It will be an interesting historical information for many, though Saveriarpalayam has no explicit mentioning by name before 1803, it must have been one of the 15 main Central Churches, surrounded by other Christian Villages in 1655, mentioned as being within 2 days journey (Cfr. C.S.M. Op. cit p. 26) or scattered over a stretch of 25 leagues (Ibid p. 64), again as one of the 23 churches with 130 villages, in 1666, and Fr. Andre Freire, the superior writes in 1666, about the Christians of these villages and hence, we can rightly assume the same for Saveriarpalayam Christians. “One has often spoken with eulogium of the fervour of these neophytes, of their innocence of their assiduity at spiritual exercises and their tender devotion to the Holy souls of Purgatory. All these eulogies are no exaggerations and God Himself often takes pleasure in justifying them through the favours by which He rewards the faith of His dear children (Ibid p. 84).
Hence the ancient custom of this village (and also other ancient Christian villages of equal antiquity like Somanur, Manianallur, Palapalayam, etc) of the whole village going in a procession, reciting the Rosary to the Cemetery on Monday evenings, is of this early Jesuit era. It was such a striking special devotional practice that it could be the yard-stick to evaluate thc antiquity (Jesuit) of the Christian Villages of our Diocese.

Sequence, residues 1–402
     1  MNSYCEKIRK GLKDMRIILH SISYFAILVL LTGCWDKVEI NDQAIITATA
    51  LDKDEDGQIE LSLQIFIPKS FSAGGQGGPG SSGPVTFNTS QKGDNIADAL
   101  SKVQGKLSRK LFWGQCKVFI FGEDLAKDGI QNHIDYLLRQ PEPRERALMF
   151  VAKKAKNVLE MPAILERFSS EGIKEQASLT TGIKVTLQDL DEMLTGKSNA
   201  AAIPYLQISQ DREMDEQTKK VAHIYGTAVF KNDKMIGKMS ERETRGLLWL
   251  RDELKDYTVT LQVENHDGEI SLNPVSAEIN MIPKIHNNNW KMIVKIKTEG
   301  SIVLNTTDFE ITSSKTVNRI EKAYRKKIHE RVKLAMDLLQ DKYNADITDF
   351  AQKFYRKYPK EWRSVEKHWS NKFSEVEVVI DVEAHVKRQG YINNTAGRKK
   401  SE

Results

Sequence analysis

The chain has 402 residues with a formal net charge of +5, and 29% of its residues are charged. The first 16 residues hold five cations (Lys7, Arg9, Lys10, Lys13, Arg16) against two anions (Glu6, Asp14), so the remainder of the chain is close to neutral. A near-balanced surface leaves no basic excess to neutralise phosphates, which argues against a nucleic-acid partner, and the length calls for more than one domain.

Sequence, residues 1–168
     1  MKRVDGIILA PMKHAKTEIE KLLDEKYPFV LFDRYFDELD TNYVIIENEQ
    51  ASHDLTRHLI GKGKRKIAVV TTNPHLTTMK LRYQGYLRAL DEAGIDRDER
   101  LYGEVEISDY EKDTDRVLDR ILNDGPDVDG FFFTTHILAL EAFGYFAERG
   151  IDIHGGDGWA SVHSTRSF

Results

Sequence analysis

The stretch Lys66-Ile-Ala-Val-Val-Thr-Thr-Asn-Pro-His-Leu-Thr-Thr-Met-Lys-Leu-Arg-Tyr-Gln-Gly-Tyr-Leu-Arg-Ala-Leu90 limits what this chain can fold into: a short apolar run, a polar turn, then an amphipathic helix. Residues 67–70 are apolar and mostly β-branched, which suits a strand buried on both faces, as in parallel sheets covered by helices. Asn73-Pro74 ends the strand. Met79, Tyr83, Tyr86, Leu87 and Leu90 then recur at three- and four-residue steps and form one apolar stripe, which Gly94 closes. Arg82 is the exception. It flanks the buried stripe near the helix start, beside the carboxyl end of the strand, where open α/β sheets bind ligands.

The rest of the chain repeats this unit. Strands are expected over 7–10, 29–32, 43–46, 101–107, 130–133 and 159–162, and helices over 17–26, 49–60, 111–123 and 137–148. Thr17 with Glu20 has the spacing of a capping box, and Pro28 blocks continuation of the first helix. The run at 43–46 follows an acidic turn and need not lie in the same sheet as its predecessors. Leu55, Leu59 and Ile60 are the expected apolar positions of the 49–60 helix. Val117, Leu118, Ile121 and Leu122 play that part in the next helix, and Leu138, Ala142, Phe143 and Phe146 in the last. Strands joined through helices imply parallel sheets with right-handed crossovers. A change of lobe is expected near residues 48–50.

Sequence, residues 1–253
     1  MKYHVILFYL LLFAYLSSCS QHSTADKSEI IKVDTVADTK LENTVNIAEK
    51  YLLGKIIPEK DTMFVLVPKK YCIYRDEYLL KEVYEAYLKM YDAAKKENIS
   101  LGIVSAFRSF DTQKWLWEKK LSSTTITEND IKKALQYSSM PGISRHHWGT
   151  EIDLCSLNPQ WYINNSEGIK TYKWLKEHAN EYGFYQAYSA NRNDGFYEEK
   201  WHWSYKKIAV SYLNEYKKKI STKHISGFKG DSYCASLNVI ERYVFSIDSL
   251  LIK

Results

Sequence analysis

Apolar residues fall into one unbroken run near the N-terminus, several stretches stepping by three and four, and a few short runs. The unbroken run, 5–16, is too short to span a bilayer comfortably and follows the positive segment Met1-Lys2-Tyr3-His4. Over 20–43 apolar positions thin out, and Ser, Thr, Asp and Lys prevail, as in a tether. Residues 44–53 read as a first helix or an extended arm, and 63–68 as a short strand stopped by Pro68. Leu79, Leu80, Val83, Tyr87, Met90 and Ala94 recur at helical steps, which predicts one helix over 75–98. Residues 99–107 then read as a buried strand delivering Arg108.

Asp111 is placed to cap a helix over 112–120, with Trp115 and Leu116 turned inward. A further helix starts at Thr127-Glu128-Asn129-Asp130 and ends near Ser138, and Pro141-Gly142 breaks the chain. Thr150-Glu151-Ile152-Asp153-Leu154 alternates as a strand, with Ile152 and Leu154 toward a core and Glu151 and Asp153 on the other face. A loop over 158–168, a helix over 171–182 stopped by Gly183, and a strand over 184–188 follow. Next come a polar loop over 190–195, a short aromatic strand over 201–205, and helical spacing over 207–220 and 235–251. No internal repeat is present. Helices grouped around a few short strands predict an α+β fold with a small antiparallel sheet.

Perhaps, the Christians of this parish, were more fortunate or, less, if you look at persecutions as blessing) in that they would :ertainly had to face various types of persecutions (since it seems be a fully Catholic village from its beginning, the non-Christian Dopulation forming separate villages, though surrounding it from ill sides), such as caste ostracization, yogis (Veera saiva, Vokagliga Sanyasis) persecution etc, which were so prevalent and persistent n the first Christian villages around Sathy! Besides the repercussions of the incessant war between Mysore and Madura, on these Christians who had to flee to the forests and mountains so often, would have least affected Coimbatore and surrounding Christianity, as they were out-of-the way of those invasions until Ryder and Tippu came on the scene (1765 -1799), when Coimbatore and the surroundings became the main theatre of battles between the Sultans and the British, when the Christians had to pay-so to speak- with interest for the long years of comparative peace , as we have already noted above, when they were carried off to Sriranga Pattinam, the Capital of Tippu in 1787!